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Everything posted by b10b

  1. b10b

    Park The Taxi

    It certainly is difficult parking taxis!? Nicely presented but too frustrating for me to be able to enjoy the challenge. I'm open minded and would appreciate reading comments from someone who likes this genre explain the fun.
  2. And for every illusion there's always new angles to consider ... Iirc there is a solution for this involving scenery being broken into top, bottom, front, back (or vertical columns?) ... but perhaps at that point moving away from pseudo 3D to mesh or voxel geometry might be simpler? I keep telling myself that.
  3. Sorry to hear this, it's frustrating and not uncommon for quality games. Locking a game will have limited benefit, don't blame yourself. Practical advice is don't spend more than 5 minutes worrying about it (a DMCA takedown should take less than 5 mins once you've done it a couple of times). Some additional takeaways are: 1) brand future games in multiple ways so stolen traffic still promotes the author and proper licensing channels, 2) develop server-authoritative or partner-publishing strategies for monetization, 3) offer paying customers more value than what they could achieve by stealing, 4) remember a sequel is quicker for the original author to make - and everyone prefers to play the latest greatest - so if stolen games get traction cash in later.
  4. @James432213 hi, many issues here, all solvable. 1) The function named "canvas" rename this and avoid some confusion, call it "init" or similar 2) doKeyDown function has parameter "e" but references "event" in the switch - be consistent. 3) the functions doKeyDown, updateCanvas, drawPlayer are scoped "above" the "init" function, so they can have no easy reference to the "canvas" variable defined within "init". Notice also the name collision of "canvas" if we ignore step 1. Easy fix is to move these function declarations inside the "init" function. 4) There's nothing wrong with ctx.clearRect Some basics in how to debug your code will be beneficial, in particular the developer console (F12) is great, and using "console.log" can send helpful messages there from your code. Use that as a start towards watching the flow of your code when it runs, and where things are not actually working as might be expected on a first draft of code. This will lead to more advanced debugging techniques and more elaborate (and working) code.
  5. With Pixi API EventEmitter.on is a straight alias to EventEmitter.addEventListener. Yes, "event" is a simple, singular key with no implied ability to be multiple. That's a good thing because it implies a particular type of Event with specific meta data (e.g. what the mouse did vs what the keyboard did are probably quite different?). Whereas allowing a semi-magical string that may represent comma (or space, or comma+space) delimitation is an inferior interface because it is vague and must abstract the returned Event data as a result. If multi-event binding is a desired behavior for a project then it's quite trivial to override, overload or add a helper function to handle that. And probably better to use something other than a string if doing multiplies? But don't. Instead be very specific about Events, use them minimally and remember to be fastidious about clean-up afterwards. About those shoes ... Pixi is the sole, it's minimal and optimal. Use it as a core that can be extended as and when needed - such extension is often better achieved by the developers who are close to their specific design requirements. Good luck!
  6. I don't know your catalog, but whatever comes to mind to you ... Perhaps the engines can be enhanced, rethemed, sequelled, turned inside-out or back-to-front? It might be trivial to make "HD" versions or add a new difficulty level and call it "Master Edition"? There may be potential to rebrand all the games under a single theme, introduce a character or story arc across them all that binds them into one super sized game? Just ideas ... validate them with your customers.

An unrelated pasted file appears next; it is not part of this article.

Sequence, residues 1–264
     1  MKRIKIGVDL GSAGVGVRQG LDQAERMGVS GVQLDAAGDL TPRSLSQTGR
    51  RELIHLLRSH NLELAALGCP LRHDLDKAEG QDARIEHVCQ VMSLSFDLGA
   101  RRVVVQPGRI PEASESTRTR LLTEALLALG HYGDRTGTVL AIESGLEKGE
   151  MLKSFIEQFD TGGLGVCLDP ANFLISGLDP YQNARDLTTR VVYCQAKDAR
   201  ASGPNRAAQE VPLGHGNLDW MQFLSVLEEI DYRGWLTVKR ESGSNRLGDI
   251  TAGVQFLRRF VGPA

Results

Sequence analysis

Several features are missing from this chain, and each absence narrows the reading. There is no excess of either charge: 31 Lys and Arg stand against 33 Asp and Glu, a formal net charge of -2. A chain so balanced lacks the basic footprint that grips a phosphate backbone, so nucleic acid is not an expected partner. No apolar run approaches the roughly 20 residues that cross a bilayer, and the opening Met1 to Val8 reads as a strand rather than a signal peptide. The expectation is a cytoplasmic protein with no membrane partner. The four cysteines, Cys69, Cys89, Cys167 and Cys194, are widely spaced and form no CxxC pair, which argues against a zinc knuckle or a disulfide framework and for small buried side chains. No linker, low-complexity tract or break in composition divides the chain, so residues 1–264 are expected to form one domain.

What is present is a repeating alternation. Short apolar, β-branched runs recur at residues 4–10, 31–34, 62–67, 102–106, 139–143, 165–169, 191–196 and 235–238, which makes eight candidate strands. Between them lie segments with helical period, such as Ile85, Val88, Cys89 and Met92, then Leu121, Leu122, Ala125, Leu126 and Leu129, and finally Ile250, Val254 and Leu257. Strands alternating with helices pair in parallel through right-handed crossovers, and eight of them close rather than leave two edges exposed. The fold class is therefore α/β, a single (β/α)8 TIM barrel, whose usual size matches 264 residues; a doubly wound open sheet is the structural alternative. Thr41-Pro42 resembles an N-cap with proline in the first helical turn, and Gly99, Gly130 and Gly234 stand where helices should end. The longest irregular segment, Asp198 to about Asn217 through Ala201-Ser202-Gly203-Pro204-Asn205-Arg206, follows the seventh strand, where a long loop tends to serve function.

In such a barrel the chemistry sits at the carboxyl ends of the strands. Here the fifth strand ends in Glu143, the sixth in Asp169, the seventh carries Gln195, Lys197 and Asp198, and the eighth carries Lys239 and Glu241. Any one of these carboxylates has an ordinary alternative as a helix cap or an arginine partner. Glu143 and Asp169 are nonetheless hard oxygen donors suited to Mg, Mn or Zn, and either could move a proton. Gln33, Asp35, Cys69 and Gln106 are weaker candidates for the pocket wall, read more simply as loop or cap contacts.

7. Also ask yourself what might you realistically expect to gain with a plan of "putting ads on all of the games, and then put them on as many platforms as possible"? Revenue-split eCPMs for in-game ads are trending below $1, so expectation should be pretty low even for decent games. Plus it's not going to solve short-term cashflow crunch because of delays in seeing such money (time to implement APIs, 30+ days before the games launch, 30++ days before revenues are invoiceable, 30+++ days to collect). Plus there's the real risk of seeing neither traffic nor money Instead, if you've got trusted relationships already it might be wiser to leverage them than risk them? Perhaps repurpose the existing catalog rather than republish it? I don't wish to discourage pursuit of royalty income, as it's truly awesome when it happens. Just be realistic about timescales, cashflow and be wise to know that even when "achieved" it can all end very abruptly.
  8. Cool game, although I felt the turning circle to be frustrating and the upgrade path to be a bit slow? I returned later but my game progress / upgrades weren't saved so I abandoned But ... sadly CrazyGames.com keeps reloading their adverts so frequently that the induced page stutter makes playing a painful experience. I wonder if they've tested their own site from a critical user perspective? Driving away players due to bad experience is not smart, and for what benefit - pointless ads around a game drives down eCPM as they aren't meaningful or engaging and any stray click won't count with today's level of auditing. As a game developer partnering with them I recommend you ask for a higher level of service from their end of the bargain! Whereas after enabling AdGuard their site runs much better. Crazy.
  9. The core issue is that clones often don't make as much money as the "genuine" article (but do provide equivalent utility to the customer). So it's in a distributor's interest to cull their numbers periodically. Such culling is usually programmatic, it's not personal.
  10. Level design ... aka the retro-engineered steps needed to get the Player to the game mechanics worth playing?
  11. There are many options. Easiest of which is the generic Leaderboard functions ("setScoreAsync") - by posting scores the platform will often let other Connected Players know. For custom messages the "updateAsync" method offers decent control. If the Player is in a Context (group play) this works really well, but I'm unsure if this works at all if the Player is Solo? Then there is the old school "shareAsync" method. However, since the recent Facebook beatdown, this method is crippled - for example it's no longer possible to pre-populate the message!?! You may still be able to attach a custom image generated from the game as a sort of workaround - but it will require the Player to type a message and make the post. Lastly you have Bots, subscribing, custom backend, proactive pushes, etc ... but that's probably overkill and can't reach outside of your subscribed Players.